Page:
Beware the conversion factors when halving the size of the hulls. Volume is a third power function and speed something in the neighborhood of a cubic function. If the big boat displaces X pounds then the half sized one will displace only one eighth X. Scalewise the small boat would be tested at one fourth the speed of the big one. If, say the big one was calculated at 16MPH then the half sized one would test at 16/4 = 4 MPH.

    That is all very well but it ain"t gonna work out quite so neatly as the math would have you believe. Ball park idea? Maybe.

    I'd forget the half size boat and just go ahead and do the mods to the big boat, and call it good.

    Are you figuring to make the hulls double enders? Or do you anticipate transoms? If you intend to have transoms you'll need to get them up a bit above the waterline. But you already knew that I expect.
     
  5. Deering
    Joined: Feb 2005
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    Location: Juneau, Alaska

    Deering Senior Member

    Thanks messabout, that's kind of what I figured.

    I have some ideas for different transom and bow shapes and I'm not sure which ones will work best. With my half-size, I can swap out the different shapes (I'll probably just attach then with drywall screws, or something similarly crude) and then see how they do relative to each other.

    I figure if my modifications on my model increase its speed by, say, 50%, then I should be reasonably confident that I would see a similar increase in the big boat. The speeds between big and half-pint will be different, but the relative changes should be generally similar. If this was a 1/10th model then I'd be much more worried that the physics wouldn't carry over.

    And more importantly, if I add on my hull extensions and see little or no improvement, then I've saved myself the large expense of converting the big boat for minimal benefit. Doing the half-pint is a way to minimize my risk. But maybe I'm missing something here that invalidates my logic.

    My thinking is that, since this is a displacement (semi-displacement perhaps) boat, I'd run my half-pint up until I reach hull speed, noting the throttle setting/RPM of the outboard, and using a GPS to document speed. Then I'd add my extensions and run it up until I reach the new hull speed, and document my outboard throttle/RPM. It would be crude, but should give me a pretty good idea of the relative changes. If the hull speed increases by 10% but I need to use 100% more power to get there, that's not a good tradeoff.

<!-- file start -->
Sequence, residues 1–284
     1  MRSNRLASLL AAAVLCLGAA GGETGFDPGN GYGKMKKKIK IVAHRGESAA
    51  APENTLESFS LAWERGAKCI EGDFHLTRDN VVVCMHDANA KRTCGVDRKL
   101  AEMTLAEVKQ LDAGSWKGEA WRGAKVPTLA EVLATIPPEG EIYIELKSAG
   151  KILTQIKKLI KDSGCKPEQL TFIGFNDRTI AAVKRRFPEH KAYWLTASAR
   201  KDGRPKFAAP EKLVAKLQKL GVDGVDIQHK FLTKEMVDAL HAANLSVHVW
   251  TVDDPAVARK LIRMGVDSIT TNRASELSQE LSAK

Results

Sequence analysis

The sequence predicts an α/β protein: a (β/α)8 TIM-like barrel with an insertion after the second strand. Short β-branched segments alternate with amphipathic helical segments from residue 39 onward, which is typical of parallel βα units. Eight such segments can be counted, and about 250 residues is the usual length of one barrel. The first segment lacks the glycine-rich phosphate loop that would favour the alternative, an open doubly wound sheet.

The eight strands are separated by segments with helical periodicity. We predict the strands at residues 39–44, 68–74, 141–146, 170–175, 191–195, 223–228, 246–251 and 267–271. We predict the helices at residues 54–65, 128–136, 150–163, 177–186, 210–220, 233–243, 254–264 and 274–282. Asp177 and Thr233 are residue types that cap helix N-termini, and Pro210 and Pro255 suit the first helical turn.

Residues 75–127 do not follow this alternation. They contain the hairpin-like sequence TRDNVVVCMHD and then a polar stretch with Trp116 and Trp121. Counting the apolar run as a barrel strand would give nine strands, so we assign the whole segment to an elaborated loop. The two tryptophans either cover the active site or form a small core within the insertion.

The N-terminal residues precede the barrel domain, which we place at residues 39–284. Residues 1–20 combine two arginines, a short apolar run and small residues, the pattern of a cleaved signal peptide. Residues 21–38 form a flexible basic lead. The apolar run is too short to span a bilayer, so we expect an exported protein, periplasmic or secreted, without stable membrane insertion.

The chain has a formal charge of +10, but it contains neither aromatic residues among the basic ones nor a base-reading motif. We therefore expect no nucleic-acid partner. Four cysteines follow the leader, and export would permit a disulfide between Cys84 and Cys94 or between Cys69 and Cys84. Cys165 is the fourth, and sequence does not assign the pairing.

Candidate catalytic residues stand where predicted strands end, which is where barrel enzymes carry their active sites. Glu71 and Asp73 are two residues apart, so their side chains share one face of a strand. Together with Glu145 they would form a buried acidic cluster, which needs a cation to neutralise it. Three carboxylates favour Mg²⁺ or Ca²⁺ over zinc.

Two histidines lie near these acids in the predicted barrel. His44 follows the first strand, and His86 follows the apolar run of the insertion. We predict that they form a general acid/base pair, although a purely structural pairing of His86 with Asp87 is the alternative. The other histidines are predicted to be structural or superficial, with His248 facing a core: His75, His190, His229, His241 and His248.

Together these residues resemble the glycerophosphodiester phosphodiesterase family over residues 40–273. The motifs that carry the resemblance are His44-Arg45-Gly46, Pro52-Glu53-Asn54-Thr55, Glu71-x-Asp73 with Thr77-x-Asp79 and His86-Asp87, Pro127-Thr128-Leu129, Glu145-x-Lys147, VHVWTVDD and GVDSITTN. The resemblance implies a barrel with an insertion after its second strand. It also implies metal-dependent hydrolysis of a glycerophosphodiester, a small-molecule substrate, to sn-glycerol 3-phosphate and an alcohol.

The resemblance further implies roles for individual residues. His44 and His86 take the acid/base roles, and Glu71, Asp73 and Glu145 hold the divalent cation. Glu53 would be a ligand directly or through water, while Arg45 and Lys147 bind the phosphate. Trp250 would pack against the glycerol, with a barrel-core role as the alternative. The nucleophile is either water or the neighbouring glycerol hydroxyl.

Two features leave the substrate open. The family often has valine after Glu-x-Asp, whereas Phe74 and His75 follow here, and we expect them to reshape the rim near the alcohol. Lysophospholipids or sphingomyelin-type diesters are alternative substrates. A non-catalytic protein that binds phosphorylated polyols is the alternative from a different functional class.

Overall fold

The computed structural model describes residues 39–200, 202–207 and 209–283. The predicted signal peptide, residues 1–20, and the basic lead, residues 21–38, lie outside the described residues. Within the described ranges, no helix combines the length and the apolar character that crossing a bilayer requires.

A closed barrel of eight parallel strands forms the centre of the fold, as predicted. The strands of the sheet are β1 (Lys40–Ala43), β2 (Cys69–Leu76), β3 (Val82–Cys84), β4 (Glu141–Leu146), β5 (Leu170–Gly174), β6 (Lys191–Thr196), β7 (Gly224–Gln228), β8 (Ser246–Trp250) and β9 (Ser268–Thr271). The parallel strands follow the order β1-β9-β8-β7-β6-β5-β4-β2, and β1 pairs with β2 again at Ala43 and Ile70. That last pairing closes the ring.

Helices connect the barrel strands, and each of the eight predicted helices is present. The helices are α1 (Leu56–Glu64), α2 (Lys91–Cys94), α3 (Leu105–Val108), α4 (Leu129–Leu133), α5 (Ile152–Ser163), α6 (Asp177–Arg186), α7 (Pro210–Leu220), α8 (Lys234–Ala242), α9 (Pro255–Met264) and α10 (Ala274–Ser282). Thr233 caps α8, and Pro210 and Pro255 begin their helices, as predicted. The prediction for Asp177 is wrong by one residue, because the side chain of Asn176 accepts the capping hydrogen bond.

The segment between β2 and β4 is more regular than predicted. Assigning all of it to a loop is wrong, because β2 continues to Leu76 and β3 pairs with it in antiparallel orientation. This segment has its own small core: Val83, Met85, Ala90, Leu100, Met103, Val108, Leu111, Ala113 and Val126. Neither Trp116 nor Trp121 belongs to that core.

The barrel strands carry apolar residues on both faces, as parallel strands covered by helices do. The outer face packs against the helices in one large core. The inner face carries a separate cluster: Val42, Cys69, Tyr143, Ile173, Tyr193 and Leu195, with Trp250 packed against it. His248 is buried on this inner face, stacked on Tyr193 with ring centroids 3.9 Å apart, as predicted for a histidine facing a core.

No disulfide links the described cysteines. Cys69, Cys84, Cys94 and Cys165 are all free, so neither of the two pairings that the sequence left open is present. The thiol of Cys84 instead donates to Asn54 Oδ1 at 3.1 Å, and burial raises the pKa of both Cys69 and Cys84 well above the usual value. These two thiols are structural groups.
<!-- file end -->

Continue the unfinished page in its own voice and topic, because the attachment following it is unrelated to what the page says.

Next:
As far as transoms, I plan to explore that with my extensions. A displacement catamaran can clip along at a pretty good speed, so maybe a shallow immersed transom with a hard break makes sense. Maybe not.
     
  6. erik818
    Joined: Feb 2007
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    erik818 Senior Member

    I'm sorry I have to contradict messabout. You're interested in the speed characteristics in displacement mode, so the speed you should use is scaled with the square root of the length. At half scale you should test at 10.6 knots if the speed of interest is 15 knots.

    If you have scaled displacement with the cube of the length and speed with the square root, the propulsion power should scale with the power of 3.5 if I remember correctly.

    I agree that for us amateurs a scale model is useful to gain understanding. When doing my own experiments I have always calculated/simulated 100% correct so far, and practical tests have only confirmed the calculations. The problems have been all the aspects I didn't think of. Scale model testing might help to reveal those. I also enjoy messing around with boats so I don't mind spending time and money on scale models as long as I learn something.

    Erik
     
  7. messabout
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    messabout Senior Member

    Erik; you are quite correct. I dropped the ball with the velocity comparisons. (result of the rum toddies maybe) Equivalent S/L or Froude numbers would be the correct way to do the calcs. My apologies to Deering.

    The displacement ratio bit is still valid and must be given more than casual consideration because of the eight to one factor.
     

  8. Deering
    Joined: Feb 2005
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    Location: Juneau, Alaska

    Deering Senior Member

    Thanks Erik and Messabout,

    As far as displacement goes, my plan is to replicate the hull in all dimensions at half-scale. For the testing I would weight it down to the half-scale waterline. The fullsize draft is 27.5 inches, so I would weight the half-scale to a 13.75 inches draft.

    By doing so, the length, beam, and draft are all 1/2 so the displacement should be 1/2 x 1/2 x 1/2 = 1/8, or the cube root. Is that thinking valid?

    Erik, I'm trying to make sure I understand the 3.5 bit about the power. The big boat reached displacement hull speed at around 8.5 kts using about 175 hp. The 3.5 power of 1/2 is .09 so the predicted hp is .09 x 175 = 15.5 hp. And that would be needed to achieve 8.5 kts? Or 8.5 * 1/4 = 2.125 kts?

    Thanks again. Most enlightening.